In 1700 the lightermen, i.e. those who unloaded cargo from ships and carried it into port by lighter, joined the watermen, having formerly been members of the Woodmongers' Company. In the long run this greatly benefited the company, if not the watermen themselves, since the bridge building programme of the late eighteenth century and the introduction of steamships in the early nineteenth meant a decline in demand for the waterman's skills. With the expansion of the Port of London, on the other hand, the lightermen flourished.

The company differs from the City livery companies in several ways. Its influence on the Thames stretched from Gravesend to Windsor, so that, unlike most of the City livery companies, its members were often drawn from areas some considerable distance from the City of London. Since the Thames Conservancy Act of 1857 the western limit of jurisdiction has been Teddington Lock. Also, the company has no livery. One reason for this might be that the freedom of the City that the liveried would enjoy would exempt them from impressment into the Navy -a fate inflicted upon many members of the company from the fourteenth century. Guildhall Library Ms 10799 contains correspondence with the Admiralty relating to impressment and the compilation of a list of those members eligible for service in 1855, while Ms 6386 records the names of 105 company members killed or invalided in action in the early nineteenth century.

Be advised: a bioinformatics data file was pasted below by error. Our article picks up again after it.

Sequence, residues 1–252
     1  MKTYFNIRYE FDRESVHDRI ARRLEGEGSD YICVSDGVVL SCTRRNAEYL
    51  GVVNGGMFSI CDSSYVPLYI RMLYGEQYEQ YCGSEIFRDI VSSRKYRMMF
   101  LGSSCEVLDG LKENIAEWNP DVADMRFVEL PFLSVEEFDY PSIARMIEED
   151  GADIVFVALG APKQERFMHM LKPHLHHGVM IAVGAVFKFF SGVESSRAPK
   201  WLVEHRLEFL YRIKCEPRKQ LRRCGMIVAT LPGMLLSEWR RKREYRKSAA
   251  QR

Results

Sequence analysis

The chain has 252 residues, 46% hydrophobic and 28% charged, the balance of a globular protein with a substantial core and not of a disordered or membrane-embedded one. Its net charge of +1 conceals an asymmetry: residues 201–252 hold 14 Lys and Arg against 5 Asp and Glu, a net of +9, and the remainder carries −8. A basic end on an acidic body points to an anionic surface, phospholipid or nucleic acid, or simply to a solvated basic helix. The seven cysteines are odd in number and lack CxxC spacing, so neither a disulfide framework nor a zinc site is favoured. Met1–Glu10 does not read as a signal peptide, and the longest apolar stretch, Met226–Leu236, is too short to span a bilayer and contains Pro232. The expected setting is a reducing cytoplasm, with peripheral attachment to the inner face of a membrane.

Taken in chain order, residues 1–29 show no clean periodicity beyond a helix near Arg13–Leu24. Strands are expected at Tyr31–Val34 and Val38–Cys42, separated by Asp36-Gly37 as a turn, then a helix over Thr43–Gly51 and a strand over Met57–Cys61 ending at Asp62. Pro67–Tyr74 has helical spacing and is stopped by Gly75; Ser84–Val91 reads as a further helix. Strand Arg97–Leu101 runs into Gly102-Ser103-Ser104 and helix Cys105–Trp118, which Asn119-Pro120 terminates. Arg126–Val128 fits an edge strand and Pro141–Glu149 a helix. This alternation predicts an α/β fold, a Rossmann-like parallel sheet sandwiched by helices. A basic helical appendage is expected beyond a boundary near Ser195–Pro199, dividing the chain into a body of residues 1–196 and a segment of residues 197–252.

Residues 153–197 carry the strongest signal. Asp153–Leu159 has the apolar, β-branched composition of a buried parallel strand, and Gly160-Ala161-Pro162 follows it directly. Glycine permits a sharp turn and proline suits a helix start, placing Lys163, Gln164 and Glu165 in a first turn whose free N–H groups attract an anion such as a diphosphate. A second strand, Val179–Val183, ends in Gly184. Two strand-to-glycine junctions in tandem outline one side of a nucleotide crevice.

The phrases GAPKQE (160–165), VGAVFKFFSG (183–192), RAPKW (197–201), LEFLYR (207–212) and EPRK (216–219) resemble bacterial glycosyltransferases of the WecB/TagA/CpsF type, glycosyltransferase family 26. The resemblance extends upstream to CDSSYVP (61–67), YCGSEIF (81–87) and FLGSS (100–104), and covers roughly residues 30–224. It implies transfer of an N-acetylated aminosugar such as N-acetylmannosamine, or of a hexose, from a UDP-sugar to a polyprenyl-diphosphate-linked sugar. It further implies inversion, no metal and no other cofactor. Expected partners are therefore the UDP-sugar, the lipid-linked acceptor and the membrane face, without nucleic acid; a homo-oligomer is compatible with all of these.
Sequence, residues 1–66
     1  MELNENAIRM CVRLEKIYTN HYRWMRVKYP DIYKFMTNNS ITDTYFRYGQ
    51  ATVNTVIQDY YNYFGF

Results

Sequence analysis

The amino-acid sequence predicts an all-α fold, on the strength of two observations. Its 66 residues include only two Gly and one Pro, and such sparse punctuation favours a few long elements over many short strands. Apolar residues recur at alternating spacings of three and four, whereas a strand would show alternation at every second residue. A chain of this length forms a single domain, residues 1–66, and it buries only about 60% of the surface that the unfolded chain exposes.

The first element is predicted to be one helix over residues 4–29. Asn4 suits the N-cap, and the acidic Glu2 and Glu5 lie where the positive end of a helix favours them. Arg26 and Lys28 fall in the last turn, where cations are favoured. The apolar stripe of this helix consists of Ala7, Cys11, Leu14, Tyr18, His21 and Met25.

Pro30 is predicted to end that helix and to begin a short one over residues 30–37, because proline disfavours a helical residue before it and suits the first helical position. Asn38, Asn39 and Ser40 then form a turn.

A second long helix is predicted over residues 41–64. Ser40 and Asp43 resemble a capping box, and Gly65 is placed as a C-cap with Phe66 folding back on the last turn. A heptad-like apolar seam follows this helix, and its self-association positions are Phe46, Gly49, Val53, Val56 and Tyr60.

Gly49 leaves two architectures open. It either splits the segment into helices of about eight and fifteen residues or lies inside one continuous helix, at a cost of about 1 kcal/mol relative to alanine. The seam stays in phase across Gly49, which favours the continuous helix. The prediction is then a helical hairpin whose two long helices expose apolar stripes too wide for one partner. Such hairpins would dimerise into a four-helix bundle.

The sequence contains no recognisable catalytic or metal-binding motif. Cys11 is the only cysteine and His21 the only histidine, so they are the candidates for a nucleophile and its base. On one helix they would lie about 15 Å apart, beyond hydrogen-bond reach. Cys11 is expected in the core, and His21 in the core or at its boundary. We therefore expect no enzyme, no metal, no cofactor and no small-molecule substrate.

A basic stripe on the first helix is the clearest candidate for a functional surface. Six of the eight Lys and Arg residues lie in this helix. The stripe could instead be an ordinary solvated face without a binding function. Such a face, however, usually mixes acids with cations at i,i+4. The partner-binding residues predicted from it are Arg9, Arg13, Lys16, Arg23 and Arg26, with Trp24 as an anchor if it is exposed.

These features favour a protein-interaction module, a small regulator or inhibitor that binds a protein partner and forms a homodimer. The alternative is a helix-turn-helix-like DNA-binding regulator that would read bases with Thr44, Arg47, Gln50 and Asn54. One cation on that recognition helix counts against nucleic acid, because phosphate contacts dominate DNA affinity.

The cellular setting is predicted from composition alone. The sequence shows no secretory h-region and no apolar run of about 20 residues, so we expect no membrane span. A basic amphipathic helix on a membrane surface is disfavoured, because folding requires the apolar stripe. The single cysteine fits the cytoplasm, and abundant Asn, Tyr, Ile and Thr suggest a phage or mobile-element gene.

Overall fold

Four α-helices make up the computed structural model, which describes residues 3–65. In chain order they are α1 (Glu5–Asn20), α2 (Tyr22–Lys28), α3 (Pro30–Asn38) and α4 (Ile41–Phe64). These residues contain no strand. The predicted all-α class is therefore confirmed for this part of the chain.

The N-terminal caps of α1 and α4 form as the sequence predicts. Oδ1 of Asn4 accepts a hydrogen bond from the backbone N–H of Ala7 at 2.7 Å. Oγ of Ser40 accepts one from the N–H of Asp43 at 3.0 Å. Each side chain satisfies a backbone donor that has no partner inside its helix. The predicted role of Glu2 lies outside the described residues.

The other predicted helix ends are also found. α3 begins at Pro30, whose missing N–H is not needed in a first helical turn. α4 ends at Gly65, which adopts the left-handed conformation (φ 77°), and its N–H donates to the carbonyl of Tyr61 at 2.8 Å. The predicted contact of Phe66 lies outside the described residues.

Although this tradition is no longer practised, others flourish. The will of Thomas Doggett (a Drury Lane comedian), dated September 1721, provided for a scarlet coat and a silver badge with a representation of Liberty on it to be awarded annually by the Fishmongers' Company; these were then to be rowed for by six watermen within a year of completing their apprenticeships. The race, from The Swan, London Bridge, to The Swan, Chelsea, has taken place annually ever since, save the war years. Guildhall Library Ms 7269 (Fishmongers' Company: papers relating to the Doggett prize, 1721-1832) includes some lists of competitors and winners, 1815-32. A complete list of winners, 1780-1880, is available in the Autumn 1991 issue of Cockney Ancestor and an incomplete list, 1902-1963, in Guildhall Library Pam 11200 ( Fishmongers' Company: programme for Livery Receptions, 1964), both available in the Printed Books Section of the Library. A list of winners 1780-2003 may be found in the Manuscripts Section's leaflet Thomas Doggett's Coat and Badge Race. Further information about the race can be found at www.portcities.org.uk, www.ParishRegister.com and on the Company's own website.